AbstractsEarth & Environmental Science

The overburdened Earth : landscape and geography in Homeric epic

by Christopher Lovell

Institution: University of Texas – Austin
Department: Classics
Degree: PhD
Year: 2011
Keywords: Homer; Iliad; Landscape; Homer. – Iliad; Trojan War – Battlefields; Military geography – Turkey – Troy (Extinct city)
Record ID: 1929606
Full text PDF: http://hdl.handle.net/2152/ETD-UT-2011-08-4304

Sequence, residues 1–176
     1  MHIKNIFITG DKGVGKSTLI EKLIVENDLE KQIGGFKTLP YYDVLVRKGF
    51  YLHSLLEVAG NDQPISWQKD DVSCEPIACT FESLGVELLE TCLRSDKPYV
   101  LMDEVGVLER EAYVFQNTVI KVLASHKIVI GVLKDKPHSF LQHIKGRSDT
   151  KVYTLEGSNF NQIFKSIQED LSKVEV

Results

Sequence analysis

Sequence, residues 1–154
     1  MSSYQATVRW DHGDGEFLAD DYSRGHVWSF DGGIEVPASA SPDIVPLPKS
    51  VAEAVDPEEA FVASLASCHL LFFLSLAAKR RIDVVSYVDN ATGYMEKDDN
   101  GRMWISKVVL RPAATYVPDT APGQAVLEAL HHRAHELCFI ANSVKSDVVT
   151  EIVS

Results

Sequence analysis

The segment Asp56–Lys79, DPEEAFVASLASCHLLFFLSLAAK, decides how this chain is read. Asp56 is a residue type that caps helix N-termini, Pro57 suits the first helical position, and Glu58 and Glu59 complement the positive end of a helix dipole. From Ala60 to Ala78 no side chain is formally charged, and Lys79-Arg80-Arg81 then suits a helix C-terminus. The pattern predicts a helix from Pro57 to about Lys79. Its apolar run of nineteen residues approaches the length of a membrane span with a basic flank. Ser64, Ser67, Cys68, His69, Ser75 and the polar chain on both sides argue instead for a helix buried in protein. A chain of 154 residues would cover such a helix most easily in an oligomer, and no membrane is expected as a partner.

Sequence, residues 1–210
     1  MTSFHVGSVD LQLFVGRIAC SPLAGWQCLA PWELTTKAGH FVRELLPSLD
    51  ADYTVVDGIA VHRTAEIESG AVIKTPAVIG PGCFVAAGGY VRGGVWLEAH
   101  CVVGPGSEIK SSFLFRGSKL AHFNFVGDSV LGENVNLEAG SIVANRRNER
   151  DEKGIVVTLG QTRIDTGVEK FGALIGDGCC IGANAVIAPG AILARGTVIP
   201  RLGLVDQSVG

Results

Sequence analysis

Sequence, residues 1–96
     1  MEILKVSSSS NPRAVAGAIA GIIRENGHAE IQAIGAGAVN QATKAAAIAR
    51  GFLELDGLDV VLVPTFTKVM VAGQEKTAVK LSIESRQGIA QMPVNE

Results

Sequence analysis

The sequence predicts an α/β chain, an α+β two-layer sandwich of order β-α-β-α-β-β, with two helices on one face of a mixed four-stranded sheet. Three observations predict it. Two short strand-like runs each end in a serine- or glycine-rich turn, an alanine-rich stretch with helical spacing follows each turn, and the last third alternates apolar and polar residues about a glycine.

This dissertation argues that Homer's Iliad depicts the Trojan landscape as participant in or even victim of the Trojan War. This representation alludes to extra-Homeric accounts of the origins of the Trojan War in which Zeus plans the war to relieve the earth of the burden of human overpopulation. In these myths, overpopulation is the result of struggle among the gods for divine kingship. Through this allusion, the Iliad places itself within a framework of theogonic myth, depicting the Trojan War as an essential step in separating the world of gods and the world of men, and making Zeus’ position as the father of gods and men stable and secure. The Introduction covers the mythological background to which the Iliad alludes through an examination of extra-Homeric accounts of the Trojan War’s origins. Chapter One analyzes a pair of similes at Iliad 2.780-85 that compare the Akhaian army to Typhoeus, suggesting that the Trojan War is a conflict similar to Typhoeus’ attempt to usurp Zeus’ position as king of gods and men. Chapter Two demonstrates how Trojan characters are closely linked with the landscape in the poem’s first extended battle scene (4.422-6.35); the deaths of these men are a symbolic killing of the land they defend. Chapter Three discusses the aristeia of Diomedes in Book 5, where his confrontations with Aphrodite, Ares, and Apollo illustrate the heroic tendency to disrespect the status difference between gods and men. Athena’s authorization of Diomedes’ actions reveals the existence of strife among the Olympian gods, which threatens to destabilize the divine hierarchy. Chapter Four examines the Akhaian wall whose eventual destruction is recounted at the beginning of Book 12. The wall symbolizes human impiety and its destruction is a figurative fulfillment of Zeus’ plan to relieve the earth of the burden of unruly humanity. Finally, Chapter Five treats the flußkampf and Theomachy of Books 20 and 21, episodes adapting scenes of divine combat typically associated with the struggle for divine kingship. In the Iliad, these scenes show that Zeus’ power is unassailable.